‘Me Before You’ MOVIE REVIEW



Despite the bright colours and sheer optimism presented in the trailer, Me Before You is deceptively bleak. Jojo Moyes adapts her best-selling novel for the screen, with her two romantic leads taking the form of Emilia Clarke and Sam Claflin, two stars better known for their work in the epic series Game of Thrones and The Hunger Games Franchise rather than small-scale love stories.

In search of any immediate work to support her family, Lou Clarke (Clarke) snaps up the opportunity to work as a carer/companion for Will Traynor (Claflin), a recent quadriplegic. With her sunny outlook and off-beat dress sense, Lou is the first burst of real life Will has encountered since his debilitating accident, though he has no interest in making Lou’s job easy. Lou is motivated by a desire to help others, a selfless trait that has also kept her from moving away from the small English village in which the characters reside. As Will and Lou inevitably grow closer, Will encourages Lou to “live boldly,” while Lou tries to get Will to follow his own advice, regardless of his physical disability. There is an easy chemistry between Clarke and Claflin that make their scenes enjoyable to watch, even when the film occasionally threatens to lapse too far into sentimentality.


Me Before You is filled with numerous familiar faces, including fellow Games of Thrones alum Charles Dance as Will’s father, former Home And Away heartthrob Stephen Peacocke, and Matthew Lewis, better known to many as Neville Longbottom. The supporting cast are given brief moments to shine, often when advocating for or against Will’s right to choose the outcome of his life. Lewis also provides the bulk of the film’s humour as Lou’s clueless, fitness-obsessed boyfriend.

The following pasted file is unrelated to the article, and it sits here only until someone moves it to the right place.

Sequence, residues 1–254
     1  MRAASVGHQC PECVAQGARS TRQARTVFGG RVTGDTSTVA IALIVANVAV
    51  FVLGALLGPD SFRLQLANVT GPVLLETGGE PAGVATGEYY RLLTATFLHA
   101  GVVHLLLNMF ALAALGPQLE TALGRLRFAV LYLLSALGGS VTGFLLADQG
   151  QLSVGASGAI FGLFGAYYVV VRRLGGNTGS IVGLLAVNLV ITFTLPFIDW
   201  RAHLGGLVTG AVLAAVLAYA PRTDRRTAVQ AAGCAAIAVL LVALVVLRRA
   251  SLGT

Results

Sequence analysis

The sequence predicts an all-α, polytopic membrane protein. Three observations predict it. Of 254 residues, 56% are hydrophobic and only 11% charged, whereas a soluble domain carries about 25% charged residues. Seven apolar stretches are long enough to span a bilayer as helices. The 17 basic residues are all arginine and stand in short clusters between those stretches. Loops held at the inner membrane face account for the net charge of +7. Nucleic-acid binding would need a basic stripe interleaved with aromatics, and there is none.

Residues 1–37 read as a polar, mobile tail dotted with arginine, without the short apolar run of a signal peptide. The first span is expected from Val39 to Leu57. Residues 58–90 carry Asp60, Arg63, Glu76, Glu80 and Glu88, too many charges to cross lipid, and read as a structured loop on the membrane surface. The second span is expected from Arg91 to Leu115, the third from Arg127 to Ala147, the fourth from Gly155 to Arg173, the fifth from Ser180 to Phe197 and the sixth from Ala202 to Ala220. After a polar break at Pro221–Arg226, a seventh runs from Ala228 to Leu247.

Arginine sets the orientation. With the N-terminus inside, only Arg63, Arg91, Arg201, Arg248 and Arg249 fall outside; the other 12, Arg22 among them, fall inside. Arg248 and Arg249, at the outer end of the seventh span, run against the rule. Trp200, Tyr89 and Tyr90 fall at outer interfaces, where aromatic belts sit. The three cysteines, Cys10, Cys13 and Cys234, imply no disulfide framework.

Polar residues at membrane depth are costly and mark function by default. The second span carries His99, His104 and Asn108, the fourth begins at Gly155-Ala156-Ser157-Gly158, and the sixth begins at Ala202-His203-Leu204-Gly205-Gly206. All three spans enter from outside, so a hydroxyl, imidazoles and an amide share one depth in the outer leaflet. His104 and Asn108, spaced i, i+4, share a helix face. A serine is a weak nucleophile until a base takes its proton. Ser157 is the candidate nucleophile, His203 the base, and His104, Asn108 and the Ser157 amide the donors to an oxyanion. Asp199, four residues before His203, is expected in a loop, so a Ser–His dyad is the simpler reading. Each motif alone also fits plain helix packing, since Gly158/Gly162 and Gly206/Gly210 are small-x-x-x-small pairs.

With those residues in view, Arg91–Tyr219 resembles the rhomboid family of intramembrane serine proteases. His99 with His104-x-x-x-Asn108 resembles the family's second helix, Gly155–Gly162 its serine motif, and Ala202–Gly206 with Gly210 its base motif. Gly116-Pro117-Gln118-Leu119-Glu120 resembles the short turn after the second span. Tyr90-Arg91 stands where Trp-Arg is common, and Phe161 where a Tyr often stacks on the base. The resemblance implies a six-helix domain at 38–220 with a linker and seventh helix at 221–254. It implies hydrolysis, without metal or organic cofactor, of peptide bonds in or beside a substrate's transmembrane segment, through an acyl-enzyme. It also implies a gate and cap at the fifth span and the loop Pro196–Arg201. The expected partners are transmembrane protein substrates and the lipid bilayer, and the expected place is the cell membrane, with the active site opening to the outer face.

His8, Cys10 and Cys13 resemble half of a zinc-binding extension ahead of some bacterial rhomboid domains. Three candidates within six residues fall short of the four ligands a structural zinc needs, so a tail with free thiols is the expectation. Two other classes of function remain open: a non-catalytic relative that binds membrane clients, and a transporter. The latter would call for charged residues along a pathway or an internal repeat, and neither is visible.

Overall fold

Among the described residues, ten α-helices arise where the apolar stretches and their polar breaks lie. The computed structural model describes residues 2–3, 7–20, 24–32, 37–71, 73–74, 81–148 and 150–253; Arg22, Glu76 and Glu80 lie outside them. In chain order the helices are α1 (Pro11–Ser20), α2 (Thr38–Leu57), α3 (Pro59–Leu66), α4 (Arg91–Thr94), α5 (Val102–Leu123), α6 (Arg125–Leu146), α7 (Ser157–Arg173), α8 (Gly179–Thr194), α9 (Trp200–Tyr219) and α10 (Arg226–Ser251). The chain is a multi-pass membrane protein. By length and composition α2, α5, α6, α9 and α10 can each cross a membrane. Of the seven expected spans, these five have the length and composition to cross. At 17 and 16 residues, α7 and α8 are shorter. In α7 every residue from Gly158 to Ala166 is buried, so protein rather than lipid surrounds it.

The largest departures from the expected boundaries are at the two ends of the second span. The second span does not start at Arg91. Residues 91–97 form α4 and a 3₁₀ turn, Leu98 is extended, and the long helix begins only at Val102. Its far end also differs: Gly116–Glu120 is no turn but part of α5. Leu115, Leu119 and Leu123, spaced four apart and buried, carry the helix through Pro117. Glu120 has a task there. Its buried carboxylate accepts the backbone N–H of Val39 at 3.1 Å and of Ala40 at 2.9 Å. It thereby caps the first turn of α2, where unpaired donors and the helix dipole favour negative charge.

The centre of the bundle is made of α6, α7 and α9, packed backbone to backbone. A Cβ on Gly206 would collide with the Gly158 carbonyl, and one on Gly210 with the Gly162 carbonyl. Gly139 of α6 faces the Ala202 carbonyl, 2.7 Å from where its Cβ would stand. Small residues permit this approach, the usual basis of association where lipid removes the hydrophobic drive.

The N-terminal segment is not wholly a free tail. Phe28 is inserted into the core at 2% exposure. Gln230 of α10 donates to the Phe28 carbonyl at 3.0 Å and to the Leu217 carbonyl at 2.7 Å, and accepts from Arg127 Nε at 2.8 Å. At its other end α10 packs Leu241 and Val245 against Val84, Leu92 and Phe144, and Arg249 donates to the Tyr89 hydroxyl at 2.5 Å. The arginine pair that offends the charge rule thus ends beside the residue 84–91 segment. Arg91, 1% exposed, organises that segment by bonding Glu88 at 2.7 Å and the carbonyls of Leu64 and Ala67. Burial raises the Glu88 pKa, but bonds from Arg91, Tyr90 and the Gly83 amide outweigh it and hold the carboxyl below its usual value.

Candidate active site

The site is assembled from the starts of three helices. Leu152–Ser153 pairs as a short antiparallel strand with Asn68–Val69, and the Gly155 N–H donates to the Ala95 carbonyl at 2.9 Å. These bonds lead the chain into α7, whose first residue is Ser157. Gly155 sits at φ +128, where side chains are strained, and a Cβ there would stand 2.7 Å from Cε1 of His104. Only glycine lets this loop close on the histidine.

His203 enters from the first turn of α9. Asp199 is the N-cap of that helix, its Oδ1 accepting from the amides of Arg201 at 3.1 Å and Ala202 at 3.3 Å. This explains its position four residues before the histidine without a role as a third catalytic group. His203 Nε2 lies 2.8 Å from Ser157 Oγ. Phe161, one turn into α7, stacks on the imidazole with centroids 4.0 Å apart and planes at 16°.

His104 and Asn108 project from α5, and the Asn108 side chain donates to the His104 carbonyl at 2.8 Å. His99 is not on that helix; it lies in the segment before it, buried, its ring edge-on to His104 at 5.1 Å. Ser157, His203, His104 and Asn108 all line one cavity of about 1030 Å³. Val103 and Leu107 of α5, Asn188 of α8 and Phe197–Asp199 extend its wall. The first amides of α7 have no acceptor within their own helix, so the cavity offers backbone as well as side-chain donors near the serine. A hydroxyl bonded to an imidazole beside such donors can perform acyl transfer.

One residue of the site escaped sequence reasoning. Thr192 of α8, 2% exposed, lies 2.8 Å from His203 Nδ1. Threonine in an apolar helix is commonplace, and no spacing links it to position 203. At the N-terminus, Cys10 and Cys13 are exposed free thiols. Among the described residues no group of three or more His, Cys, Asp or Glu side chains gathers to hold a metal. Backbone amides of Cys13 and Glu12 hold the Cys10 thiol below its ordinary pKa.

But it is Claflin and Clarke that are truly the focus here. Clarke infuses her character with such a warm and cheerful disposition that it is impossible not to enjoy every moment of her performance. Will’s pessimistic approach to life can be difficult to swallow at times, but Claflin is at his best when he is playing against Clarke’s bumbling sweetness.


Me Before You has recently received significant backlash from disabled activists who are offended by the dreary depiction of Traynor, dubbing the film a “disability snuff movie.” The film’s release has resulted in several protests in London, New York, Perth and Melbourne. Interestingly, this is the first instance of backlash since the book’s release in 2012. Director Thea Sharrock attests that the message at the heart of her feature directorial debut is to live life as fully as possible. However, given how the events unfold in the film, it is easy to see how the overarching theme has been somewhat mishandled.

Though Me Before You may be flawed in its treatment of disability, the relationship between Lou and Will is sweet and honest, and one that isn’t as easily criticised. Against a backdrop of overly cheerful colour and the musical stylings of Ed Sheeran, this love story will still manage to squeeze a few tears out of viewers.